Pyongyang, July 6: Under flak for detaining and expelling Australian student Alek Sigley, North Korea on Saturday justified the crackdown, claiming that the 29-year-old was spreading anti-Pyongyang propaganda. The totalitarian regime has accused Sigley of spying and passing on sensitive information to western media outlets.
Pyongyang's official Korean Central News Agency (KCNA) confirmed that Sigley was taken into detention and interrogated for over a week before expelling him to Tokyo. The agency claimed that "humanitarian leniency" was shown towards the student after he pleaded guilty and repeatedly sought forgiveness. Australian Student Who ‘Disappeared’ In North Korea Found to be Safe After Being Released From Detention.
Sigley, after landing in Tokyo on Thursday, refused to reveal how he was treated in the North after being taken into custody. He, however, claimed that his condition is "very good".
Notably, Sigley, who was enrolled at the Pyongyang University, was detained on June 25 for his articles in Seoul-based NK News, which North Korea has categorised as a media outlet critical of supreme leader Kim Jong-Un.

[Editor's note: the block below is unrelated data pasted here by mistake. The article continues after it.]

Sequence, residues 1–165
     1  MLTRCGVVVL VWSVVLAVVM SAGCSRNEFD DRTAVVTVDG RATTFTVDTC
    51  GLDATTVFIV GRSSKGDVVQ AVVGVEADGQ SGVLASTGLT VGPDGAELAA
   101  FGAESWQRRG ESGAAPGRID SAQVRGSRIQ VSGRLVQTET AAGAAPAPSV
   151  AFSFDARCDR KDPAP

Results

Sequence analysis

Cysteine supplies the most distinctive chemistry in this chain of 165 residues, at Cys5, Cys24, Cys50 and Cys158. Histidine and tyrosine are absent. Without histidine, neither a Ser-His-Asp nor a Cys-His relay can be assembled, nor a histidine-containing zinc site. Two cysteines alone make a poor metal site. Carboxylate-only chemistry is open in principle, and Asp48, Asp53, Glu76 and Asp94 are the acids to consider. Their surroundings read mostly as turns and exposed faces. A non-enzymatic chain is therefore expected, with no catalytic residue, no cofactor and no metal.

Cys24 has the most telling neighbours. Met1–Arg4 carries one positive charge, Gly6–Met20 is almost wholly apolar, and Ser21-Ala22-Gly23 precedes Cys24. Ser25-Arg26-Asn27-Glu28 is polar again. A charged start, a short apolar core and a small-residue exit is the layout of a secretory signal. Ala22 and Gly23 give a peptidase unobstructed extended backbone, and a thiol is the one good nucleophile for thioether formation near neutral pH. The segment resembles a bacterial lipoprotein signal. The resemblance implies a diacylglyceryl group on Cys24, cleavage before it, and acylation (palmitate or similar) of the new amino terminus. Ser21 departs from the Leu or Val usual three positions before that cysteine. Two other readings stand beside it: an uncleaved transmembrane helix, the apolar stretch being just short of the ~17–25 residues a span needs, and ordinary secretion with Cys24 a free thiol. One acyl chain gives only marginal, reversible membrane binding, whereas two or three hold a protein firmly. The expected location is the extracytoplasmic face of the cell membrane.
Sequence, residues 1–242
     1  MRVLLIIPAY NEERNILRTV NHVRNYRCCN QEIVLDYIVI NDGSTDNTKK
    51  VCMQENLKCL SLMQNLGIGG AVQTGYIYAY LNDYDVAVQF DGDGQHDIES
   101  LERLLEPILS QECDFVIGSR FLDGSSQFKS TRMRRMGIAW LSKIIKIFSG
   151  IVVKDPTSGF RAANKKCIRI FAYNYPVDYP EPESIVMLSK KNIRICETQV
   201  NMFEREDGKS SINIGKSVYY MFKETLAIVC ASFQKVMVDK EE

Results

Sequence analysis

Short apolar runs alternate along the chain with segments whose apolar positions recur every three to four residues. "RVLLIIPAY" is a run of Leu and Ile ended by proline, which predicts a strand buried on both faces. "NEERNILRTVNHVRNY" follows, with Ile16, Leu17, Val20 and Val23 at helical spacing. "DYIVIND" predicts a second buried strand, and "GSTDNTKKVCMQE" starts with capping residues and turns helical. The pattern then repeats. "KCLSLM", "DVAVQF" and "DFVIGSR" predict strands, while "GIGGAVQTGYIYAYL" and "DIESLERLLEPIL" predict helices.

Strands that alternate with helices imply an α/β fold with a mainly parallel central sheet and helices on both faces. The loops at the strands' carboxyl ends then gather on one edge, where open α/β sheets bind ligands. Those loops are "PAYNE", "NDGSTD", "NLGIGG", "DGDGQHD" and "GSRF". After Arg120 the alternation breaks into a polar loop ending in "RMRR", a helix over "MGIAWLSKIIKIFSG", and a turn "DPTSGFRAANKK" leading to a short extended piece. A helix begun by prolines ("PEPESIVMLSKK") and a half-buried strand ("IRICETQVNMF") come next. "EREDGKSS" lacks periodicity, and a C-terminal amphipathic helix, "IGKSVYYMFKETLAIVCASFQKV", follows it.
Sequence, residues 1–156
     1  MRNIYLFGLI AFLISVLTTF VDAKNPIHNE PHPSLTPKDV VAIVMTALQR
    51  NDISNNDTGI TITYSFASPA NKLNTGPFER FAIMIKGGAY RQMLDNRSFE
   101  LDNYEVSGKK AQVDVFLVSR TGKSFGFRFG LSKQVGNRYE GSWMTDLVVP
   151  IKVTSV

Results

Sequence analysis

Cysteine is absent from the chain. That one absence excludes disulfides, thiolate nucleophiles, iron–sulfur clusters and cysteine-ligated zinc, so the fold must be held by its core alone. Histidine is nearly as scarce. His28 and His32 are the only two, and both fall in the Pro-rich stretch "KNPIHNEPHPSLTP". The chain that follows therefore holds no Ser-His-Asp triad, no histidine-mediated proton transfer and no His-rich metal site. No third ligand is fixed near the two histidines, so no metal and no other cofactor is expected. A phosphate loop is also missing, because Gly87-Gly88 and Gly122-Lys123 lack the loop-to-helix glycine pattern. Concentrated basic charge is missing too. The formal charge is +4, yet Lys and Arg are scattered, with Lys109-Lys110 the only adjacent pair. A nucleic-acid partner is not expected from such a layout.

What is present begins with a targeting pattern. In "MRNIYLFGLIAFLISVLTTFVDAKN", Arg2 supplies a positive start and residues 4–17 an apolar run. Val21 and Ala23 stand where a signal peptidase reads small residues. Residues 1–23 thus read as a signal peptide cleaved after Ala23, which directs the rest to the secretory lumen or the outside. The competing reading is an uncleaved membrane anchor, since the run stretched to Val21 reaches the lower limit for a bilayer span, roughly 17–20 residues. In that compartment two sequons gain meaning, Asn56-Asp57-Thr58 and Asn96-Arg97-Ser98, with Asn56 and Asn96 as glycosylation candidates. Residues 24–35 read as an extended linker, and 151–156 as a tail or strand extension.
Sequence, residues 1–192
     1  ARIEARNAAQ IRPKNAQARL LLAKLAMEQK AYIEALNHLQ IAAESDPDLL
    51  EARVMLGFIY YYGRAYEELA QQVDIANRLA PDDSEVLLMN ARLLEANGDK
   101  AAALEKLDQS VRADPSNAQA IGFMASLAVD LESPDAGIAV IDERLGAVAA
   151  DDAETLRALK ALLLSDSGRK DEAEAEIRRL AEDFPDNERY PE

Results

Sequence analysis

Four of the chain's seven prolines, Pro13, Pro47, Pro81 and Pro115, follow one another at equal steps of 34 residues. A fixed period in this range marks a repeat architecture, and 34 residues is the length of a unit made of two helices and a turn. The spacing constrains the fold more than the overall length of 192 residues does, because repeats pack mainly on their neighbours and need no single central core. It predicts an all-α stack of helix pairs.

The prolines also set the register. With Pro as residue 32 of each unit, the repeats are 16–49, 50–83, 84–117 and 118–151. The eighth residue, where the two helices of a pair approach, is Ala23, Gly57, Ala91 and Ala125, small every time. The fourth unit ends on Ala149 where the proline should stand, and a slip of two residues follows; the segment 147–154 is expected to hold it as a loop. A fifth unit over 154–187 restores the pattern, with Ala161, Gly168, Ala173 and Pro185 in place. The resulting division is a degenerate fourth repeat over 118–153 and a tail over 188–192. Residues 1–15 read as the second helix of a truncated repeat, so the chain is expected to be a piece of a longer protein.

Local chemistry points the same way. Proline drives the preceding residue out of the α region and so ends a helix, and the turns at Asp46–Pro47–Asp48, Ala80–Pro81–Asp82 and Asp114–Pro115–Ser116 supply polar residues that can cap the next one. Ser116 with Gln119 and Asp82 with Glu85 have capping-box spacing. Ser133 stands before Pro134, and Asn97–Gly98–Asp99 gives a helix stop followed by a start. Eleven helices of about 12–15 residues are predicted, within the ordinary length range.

After arriving in Tokyo, Sigley reunited with his Japanese wife whom he married in Pyongyang last year. The Australian student's father Gary Sigley has also expressed rejoice over his son's release, saying that his son has been treated well by North Korea.
Sigley's fate is way better than late American student Otto Warmbier, who was detained by North Korea on espionage charges and brutally tortured. He was sent to the US in a state of coma in June 2017. Warmbier died shortly after arrival.